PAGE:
21 Forensic Science Students Attend Academy Meeting; 5 Present

By Purnell T. Cropper | March 9, 2012

All 21 of Arcadia’s second-year Forensic Science master’s students attended the annual American Academy of Forensic Sciences meeting last week in Atlanta, Ga., where they had an opportunity to network, attend training, learn about the latest research in the field, and prepare for applying for jobs after graduation in May. Five students presented their research at the meeting.

The AAFS meeting is the largest professional forensic science meeting in the United States, with more than 4,200 attendees. The students had an opportunity to attend multiple scientific and social sessions during the meeting, including a job fair and Arcadia’s first M.S.F.S. alumni event, held in conjunction with the AAFS Toxicology Section, which provided excellent opportunities for networking, making connections and professional development. Dr. Barry K. Logan, Adjunct Professor of Forensic Science in Arcadia University’s FEPAC-accredited Forensic Science master’s program, and Interim Program Director Heather Mazzanti accompanied the students.

Five students from Arcadia presented their research at the AAFS meeting. The presentations given were on prominent topics in forensic science by second-year students Martha Wood, Theresa Scott and Emmi Silvka; part-time student and NMS Labs employee Alex Maggitti; and first-year student Sarah Wehrhan Muller.

Wood described how analytical conditions in toxicology testing, unless carefully controlled, can result in the formation of artifacts when testing for codeine. This could cause inaccurate or misleading results and led to the recommendation of a more targeted procedure.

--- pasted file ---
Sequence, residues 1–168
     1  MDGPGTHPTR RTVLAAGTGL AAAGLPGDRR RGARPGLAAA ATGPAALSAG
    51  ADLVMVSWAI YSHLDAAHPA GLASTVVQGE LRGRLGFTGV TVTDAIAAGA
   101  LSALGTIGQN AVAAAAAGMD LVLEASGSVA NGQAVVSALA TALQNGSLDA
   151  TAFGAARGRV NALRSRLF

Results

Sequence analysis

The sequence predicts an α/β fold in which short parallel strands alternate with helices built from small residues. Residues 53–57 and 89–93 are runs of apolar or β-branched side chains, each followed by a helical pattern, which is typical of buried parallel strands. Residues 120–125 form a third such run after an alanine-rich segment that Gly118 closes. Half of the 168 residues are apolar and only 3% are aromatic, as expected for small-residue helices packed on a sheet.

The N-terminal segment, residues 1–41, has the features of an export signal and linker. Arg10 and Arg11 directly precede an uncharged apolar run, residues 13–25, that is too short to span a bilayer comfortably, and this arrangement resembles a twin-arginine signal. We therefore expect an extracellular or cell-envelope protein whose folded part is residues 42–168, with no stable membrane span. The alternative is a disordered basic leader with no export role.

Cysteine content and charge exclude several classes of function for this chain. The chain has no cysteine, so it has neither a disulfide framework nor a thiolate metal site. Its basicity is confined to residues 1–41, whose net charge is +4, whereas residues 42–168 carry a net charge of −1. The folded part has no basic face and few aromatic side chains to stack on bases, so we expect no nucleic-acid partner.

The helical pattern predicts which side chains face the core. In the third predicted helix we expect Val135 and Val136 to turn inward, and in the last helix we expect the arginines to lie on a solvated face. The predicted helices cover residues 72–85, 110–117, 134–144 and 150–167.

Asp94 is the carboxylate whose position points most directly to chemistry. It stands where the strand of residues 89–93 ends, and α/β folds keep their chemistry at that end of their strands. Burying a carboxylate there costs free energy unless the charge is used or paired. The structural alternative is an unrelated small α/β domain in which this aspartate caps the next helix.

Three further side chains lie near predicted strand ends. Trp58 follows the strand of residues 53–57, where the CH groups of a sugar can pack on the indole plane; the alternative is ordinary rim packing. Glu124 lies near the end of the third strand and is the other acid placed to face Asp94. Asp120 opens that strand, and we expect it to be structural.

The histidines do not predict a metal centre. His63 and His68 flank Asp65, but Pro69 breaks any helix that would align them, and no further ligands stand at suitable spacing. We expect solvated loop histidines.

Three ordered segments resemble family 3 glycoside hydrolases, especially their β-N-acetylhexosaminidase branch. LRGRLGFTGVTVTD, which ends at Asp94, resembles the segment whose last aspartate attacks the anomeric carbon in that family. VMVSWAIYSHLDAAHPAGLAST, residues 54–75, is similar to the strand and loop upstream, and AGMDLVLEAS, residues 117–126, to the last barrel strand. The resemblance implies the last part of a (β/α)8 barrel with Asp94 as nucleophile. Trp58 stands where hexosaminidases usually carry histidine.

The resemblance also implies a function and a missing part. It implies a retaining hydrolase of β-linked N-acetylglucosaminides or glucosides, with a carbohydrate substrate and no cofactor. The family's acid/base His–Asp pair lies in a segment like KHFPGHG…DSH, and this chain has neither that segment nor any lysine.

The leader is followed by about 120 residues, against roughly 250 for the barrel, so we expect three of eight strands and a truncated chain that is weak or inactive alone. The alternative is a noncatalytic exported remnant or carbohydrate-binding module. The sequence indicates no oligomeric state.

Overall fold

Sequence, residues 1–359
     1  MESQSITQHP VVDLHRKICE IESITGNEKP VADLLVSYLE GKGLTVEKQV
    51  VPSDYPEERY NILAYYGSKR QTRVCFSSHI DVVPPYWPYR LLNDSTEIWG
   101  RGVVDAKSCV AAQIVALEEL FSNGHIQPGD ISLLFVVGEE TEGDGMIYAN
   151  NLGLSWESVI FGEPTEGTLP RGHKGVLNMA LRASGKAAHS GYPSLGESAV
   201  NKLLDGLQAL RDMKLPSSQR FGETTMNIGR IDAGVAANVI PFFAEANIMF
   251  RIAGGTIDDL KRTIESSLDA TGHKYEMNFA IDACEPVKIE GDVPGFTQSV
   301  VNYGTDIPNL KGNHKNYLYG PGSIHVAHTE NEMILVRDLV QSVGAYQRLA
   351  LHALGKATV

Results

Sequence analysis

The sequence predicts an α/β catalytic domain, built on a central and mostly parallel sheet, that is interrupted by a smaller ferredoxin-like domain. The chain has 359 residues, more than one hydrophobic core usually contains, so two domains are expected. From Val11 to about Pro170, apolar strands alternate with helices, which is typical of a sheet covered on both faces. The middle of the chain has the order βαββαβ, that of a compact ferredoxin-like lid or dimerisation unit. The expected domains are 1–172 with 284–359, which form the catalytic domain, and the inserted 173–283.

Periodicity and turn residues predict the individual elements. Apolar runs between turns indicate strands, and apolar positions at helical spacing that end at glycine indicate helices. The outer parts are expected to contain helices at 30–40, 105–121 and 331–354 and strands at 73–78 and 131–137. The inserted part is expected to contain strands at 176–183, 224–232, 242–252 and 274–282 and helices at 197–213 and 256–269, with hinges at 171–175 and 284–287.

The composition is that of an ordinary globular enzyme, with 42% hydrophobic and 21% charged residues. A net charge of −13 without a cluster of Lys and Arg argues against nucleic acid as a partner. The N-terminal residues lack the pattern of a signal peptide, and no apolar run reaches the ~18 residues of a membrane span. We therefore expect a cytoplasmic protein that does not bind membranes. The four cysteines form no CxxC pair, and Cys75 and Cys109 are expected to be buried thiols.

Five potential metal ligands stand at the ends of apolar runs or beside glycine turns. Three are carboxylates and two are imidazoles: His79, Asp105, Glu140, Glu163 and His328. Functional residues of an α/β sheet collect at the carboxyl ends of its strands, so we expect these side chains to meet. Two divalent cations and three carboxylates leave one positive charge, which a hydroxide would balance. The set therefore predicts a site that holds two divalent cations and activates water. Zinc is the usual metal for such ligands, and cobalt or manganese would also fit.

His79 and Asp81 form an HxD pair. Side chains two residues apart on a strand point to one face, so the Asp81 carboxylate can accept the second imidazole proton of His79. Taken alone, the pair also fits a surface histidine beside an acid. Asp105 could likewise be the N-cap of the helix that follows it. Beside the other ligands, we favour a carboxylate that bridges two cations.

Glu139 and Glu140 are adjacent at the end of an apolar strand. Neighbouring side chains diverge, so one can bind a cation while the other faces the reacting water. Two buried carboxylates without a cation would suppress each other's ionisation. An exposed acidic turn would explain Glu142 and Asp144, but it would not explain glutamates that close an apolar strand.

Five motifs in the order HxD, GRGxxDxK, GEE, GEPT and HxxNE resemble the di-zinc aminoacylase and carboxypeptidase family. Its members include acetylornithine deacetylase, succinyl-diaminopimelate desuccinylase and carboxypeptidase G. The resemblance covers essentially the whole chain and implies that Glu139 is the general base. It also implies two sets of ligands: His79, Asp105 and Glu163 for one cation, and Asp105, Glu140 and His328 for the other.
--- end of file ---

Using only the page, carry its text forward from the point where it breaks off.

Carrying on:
Scott described Kratom, which is easily purchased over the Internet and recently in retail shops and which contains both the naturally occurring drug mitragynine and the potent synthetic opioid metabolite O-desmethyltramadol. Various Kratom products were chemically characterized using SWGDRUG techniques.

Slivka presented her data on the contents of “Bath Salt” products that have recently appeared on the illicit drug market, and she characterized forensic chemistry laboratory-based approaches to their analysis.

Maggitti described his development and validation of a test for Tetrahydrocannabinol (*THC), the active drug in marijuana, in human saliva samples using a sensitive three-dimensional gas chromatography method, and he warned about the risk of false positives from toothpaste and mouthwash with older tests that lack the necessary specificity.

Muller presented data on a project she had worked on for the AAFS Board of Directors surveying attitudes in the organization regarding its diversity policies and resources. The survey has resulted in some changes to the AAFS policies and procedures.

In addition, Adjunct Professor Jill Yeakel from the Center for Forensic Science Research and Education presented papers on the effects of designer drugs on driving impairment and the analysis of Kanna, a naturally occurring plant product, that is now subject to abuse.